In the latest paper issued by CFA Institute, Data and Technology: How Information Is Consumed in the New Age, takes a deep dive into how structured data (i.e., machine readable data) contained in regulatory filings in the form of XBRL (a type of structured data) is being consumed by investors and analysts. XBRL is not only used just for reporting to securities regulators but also used by lenders, tax authorities, and other regulating bodies for analysis. The following examples illustrate some ways in which structured data are consumed.
Example 1: European Banking Authority Produces Aggregate Data
The European Banking Authority now produces a remarkable range of aggregate data pulled from its holdings of EU-wide bank filings, with navigation and filtering driven by the definitions in the taxonomies. For analysts within the banking regulator, the level of detail is exceptional, allowing them to select an area of interest and drill down within geographies, lines of business, areas of risk, and institutional groupings, and to further refine these results for individual institutions. If an analyst is interested in Non-Performing Loans in southern Europe, this information is just few clicks away.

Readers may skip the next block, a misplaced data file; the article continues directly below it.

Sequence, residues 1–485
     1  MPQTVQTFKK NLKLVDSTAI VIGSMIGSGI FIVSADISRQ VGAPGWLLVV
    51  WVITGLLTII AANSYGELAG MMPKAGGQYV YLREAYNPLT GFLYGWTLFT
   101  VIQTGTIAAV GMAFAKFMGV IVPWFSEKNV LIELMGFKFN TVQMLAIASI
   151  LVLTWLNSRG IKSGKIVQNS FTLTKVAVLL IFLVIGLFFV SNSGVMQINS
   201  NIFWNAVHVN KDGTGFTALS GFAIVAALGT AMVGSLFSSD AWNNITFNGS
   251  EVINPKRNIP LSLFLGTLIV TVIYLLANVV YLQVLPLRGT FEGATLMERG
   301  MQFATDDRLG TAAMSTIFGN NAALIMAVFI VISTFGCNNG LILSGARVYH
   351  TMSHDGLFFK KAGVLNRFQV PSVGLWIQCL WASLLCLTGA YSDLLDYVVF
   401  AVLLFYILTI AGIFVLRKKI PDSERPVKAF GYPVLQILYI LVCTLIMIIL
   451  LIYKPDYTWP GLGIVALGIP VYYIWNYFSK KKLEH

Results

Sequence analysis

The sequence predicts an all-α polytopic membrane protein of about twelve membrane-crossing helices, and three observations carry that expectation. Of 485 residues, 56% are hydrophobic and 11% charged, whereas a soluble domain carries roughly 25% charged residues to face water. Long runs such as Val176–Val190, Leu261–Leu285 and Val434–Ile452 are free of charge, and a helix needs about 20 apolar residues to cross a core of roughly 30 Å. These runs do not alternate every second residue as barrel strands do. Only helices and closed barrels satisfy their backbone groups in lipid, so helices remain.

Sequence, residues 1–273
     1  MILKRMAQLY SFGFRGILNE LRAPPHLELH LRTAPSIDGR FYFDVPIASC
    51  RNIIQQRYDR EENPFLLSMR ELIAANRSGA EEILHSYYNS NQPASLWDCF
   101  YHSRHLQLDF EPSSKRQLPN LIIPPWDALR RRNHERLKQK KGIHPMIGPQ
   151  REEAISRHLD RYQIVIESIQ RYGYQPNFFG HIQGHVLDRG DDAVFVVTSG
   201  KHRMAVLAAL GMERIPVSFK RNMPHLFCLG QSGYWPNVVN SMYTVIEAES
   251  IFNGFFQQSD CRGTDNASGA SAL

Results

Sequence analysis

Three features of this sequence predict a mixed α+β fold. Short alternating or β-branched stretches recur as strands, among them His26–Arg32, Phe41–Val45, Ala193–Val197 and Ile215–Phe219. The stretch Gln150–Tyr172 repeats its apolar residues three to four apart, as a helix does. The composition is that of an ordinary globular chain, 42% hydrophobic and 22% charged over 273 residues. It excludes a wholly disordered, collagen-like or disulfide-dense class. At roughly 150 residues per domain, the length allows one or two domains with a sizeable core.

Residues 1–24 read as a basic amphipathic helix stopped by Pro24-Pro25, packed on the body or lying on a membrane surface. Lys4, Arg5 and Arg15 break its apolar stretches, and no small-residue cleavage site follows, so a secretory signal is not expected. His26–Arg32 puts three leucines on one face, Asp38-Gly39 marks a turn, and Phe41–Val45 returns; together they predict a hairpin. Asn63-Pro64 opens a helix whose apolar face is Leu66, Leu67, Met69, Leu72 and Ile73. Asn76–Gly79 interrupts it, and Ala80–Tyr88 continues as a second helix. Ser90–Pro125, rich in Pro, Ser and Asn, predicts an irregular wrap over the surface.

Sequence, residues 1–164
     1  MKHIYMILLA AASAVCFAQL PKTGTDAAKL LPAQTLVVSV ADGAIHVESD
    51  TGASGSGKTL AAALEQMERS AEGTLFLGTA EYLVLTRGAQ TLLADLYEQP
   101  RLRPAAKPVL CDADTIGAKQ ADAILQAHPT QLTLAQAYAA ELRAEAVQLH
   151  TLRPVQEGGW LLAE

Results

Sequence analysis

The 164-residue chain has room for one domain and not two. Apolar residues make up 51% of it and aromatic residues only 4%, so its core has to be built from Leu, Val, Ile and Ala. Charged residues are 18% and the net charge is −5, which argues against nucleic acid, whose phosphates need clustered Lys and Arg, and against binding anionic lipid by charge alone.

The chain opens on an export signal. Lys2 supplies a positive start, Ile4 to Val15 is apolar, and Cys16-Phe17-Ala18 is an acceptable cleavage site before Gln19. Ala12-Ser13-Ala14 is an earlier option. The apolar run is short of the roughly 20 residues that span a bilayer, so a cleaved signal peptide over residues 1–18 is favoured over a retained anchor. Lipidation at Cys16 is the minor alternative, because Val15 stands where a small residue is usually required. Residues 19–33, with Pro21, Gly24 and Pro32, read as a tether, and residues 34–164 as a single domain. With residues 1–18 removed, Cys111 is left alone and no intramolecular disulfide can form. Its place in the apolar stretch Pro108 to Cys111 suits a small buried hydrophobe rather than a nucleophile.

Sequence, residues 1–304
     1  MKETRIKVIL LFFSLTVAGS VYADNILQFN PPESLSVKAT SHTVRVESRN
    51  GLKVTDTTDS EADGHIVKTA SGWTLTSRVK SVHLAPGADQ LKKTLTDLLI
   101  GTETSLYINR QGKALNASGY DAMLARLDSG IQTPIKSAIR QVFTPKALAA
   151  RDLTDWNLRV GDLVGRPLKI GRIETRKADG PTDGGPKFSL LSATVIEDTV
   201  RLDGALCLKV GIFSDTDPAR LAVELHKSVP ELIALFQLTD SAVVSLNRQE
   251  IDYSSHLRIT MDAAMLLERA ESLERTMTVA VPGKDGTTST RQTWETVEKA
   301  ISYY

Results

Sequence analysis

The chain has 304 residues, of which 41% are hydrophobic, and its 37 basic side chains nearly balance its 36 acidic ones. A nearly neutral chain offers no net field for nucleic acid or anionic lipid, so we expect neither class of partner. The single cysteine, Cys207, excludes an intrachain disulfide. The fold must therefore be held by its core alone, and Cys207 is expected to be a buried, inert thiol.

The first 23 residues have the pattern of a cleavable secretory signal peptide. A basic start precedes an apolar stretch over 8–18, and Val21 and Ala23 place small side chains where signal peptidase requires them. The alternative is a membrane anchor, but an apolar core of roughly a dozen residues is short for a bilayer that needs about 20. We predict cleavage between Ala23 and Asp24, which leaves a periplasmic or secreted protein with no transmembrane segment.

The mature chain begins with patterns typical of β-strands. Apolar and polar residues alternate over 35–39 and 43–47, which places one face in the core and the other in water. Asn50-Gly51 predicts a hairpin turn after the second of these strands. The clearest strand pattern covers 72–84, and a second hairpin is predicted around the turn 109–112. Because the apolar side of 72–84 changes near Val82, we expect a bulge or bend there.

Example 2: Danish Business Authority Applies Machine Learning to Financial Statements
The Danish Business Authority (DBA), known as Erhvervsstyrelsen, collects XBRL financial statements from the approximately 240,000 private companies that operate in Denmark. It is exploring cutting-edge ways to apply machine-learning techniques to predict possible corporate failures.
DBA’s goal is to provide early warning information to entrepreneurs that their companies are exhibiting symptoms that could lead to restructuring, closure, or bankruptcy. It takes historical data about failed institutions, applies a range of techniques to their analysis, and then lets machine-learning algorithms develop patterns that can be matched against every other company’s data to locate similarities, and ultimately, risks. In its analysis, DBA is using hard financial measures such as solvency ratios, as well as softer data points such as changes in the lag between the end of the reporting period and the filing date.
Example 3: Ukrainian Authorities Take a Coordinated Approach to Reporting